A North London council is set to deploy a ‘pothole squad’ as it rolls out a £240,000 programme to fix road defects across the borough including the use of a new machine. Harrow Council believes the scheme will be ‘transformational’ but a report on the plan was slammed as a ‘waffle’ by the opposition.
Last year, the government announced £8.3 million of extra funding for road maintenance across England over the next ten years. Harrow will receive £241,000 for next year and a further £241,000 for the following year.
The council’s highways contractor, JB Riney, will assemble a new ‘pothole squad’ to find and fix potholes quickly throughout the borough. Using the new £165,000 Pothole Pro JCB machine, repair work can be carried out in eight minutes.
Pothole Pro’s thermal infra-red technology is a permanent repair that recycles the existing surface material and creates minimal waste. The council suggests this new approach will ensure the fixes are ‘long lasting, more sustainable, and reduce net emissions’. The machine is marketed as one that can ‘cut, crop and clean’ the road surface, effectively chopping out the defective section and refilling it with fresh tarmac, before cleaning up any mess. Due to its size, the JCB is suitable for main roads and others that are wide enough to accommodate it, but it would struggle to get down some smaller residential roads.
The report was submitted and approved by the cabinet at a recent meeting (24 January). The council claim it will mean ‘fixing more potholes than ever before’ after more than 1,500 have been repaired over the past 12 months. The pothole squad will roll out a ‘find and fix’ approach, a strategy that the council believes will improve results as it is not having to rely on inspection reports or customer complaints.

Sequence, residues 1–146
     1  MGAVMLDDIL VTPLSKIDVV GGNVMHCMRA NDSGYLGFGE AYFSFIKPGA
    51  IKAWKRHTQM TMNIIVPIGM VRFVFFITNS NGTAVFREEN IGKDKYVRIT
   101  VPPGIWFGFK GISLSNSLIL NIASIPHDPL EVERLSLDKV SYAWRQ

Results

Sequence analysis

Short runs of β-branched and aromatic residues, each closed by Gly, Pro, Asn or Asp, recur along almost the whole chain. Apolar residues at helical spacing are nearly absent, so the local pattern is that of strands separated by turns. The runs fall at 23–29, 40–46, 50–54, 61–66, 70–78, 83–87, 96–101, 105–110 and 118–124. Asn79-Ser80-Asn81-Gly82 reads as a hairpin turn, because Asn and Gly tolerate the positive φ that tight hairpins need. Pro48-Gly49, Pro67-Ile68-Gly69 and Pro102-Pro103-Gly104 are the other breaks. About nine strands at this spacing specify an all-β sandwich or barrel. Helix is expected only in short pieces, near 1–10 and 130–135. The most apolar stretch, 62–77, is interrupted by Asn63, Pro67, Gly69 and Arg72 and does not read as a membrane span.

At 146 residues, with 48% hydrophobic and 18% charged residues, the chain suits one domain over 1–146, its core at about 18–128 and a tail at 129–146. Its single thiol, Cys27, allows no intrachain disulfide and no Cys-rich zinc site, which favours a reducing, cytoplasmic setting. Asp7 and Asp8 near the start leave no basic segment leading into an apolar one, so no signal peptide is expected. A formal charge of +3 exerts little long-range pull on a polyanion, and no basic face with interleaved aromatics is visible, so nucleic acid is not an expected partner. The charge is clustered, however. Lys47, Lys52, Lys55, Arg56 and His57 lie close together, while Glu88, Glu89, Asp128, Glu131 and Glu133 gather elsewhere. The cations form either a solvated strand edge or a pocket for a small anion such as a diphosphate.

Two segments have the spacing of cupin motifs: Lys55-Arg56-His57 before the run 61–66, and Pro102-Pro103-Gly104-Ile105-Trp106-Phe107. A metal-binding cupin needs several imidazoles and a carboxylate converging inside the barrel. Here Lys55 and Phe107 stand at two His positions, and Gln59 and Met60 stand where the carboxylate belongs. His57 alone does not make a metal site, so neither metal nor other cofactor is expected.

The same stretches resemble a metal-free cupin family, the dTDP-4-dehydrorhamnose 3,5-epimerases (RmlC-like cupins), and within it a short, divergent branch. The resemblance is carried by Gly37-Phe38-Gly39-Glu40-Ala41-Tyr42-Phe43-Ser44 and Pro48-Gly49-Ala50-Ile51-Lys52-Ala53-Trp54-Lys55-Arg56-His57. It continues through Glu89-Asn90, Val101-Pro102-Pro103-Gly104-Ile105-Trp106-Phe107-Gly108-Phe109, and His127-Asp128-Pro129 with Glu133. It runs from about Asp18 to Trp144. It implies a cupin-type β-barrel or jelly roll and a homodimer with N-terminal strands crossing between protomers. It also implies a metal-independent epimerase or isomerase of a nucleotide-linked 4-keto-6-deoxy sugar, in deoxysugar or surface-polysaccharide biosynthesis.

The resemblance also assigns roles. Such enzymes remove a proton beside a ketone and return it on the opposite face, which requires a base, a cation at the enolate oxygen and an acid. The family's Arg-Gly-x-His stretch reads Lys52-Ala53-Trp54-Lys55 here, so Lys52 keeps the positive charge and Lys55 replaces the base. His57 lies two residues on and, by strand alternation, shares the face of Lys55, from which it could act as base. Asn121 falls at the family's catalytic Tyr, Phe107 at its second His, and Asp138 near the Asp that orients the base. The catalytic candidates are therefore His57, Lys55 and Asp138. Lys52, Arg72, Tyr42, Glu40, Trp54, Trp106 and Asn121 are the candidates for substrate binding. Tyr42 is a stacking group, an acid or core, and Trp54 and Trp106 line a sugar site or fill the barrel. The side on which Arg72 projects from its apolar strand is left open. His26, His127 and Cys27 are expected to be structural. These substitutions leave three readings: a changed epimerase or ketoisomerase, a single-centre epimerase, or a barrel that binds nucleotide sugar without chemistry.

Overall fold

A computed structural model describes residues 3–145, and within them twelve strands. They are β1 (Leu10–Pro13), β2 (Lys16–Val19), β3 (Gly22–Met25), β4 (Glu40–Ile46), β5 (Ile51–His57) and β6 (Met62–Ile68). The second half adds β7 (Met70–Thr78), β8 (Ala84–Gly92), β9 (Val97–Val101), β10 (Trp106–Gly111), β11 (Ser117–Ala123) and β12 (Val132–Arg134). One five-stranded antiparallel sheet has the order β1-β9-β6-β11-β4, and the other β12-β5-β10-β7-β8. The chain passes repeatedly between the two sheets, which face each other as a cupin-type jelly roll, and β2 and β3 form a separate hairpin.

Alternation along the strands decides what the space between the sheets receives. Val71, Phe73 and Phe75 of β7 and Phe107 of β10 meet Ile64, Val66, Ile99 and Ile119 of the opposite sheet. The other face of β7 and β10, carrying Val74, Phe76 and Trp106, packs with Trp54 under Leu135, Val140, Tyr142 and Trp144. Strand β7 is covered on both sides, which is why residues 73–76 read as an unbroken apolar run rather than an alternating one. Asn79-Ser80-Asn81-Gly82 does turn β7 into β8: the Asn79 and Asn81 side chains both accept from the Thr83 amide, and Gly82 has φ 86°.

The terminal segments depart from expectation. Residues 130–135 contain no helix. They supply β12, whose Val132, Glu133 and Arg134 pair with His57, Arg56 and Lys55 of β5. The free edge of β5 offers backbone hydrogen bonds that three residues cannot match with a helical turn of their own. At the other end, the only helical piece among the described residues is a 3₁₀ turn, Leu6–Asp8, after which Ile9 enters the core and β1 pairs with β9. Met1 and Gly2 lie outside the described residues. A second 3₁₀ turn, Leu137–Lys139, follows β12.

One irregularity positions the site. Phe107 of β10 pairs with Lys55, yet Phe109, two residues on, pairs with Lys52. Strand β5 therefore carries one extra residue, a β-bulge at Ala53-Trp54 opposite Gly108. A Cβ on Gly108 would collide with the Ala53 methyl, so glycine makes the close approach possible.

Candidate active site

Cabinet Member for Highways, Infrastructure and Community Safety, Cllr Anjana Patel, told the cabinet: “A lot of work and thought has gone into this report for a long, long time[…] We are keen to start repairing potholes and roads across the borough with this technology as soon as possible.”
Opposition councillor, Peymana Assad called the report ’11 pages of waffle’ that someone spent the weekend ‘frantically typing up’, as well as criticising its late publication. Cllr Patel hit back, stating that the report was ‘only two days late’ and the council took time to make sure it was something it wanted to do.
Harrow Council leader, Cllr Paul Osborn, said: “We have committed to fixing and resurfacing over 60 highways and footways, and we are putting this money into potholes. I think it will be a transformational service in the borough, enabling us to do things we have not been able to do before and to fix roads we’ve not been able to fix before.”
Cllr Osborn claimed he had been lobbying the government to provide this extra funding to London boroughs, which weren’t previously getting it, as he felt this was unfair in Harrow particularly as it has no Transport for London (TfL) roads and is responsible for all their maintenance.
He added: “I was very pleased that the government responded positively to our lobbying and that we get this money. I think it will make a really big difference.”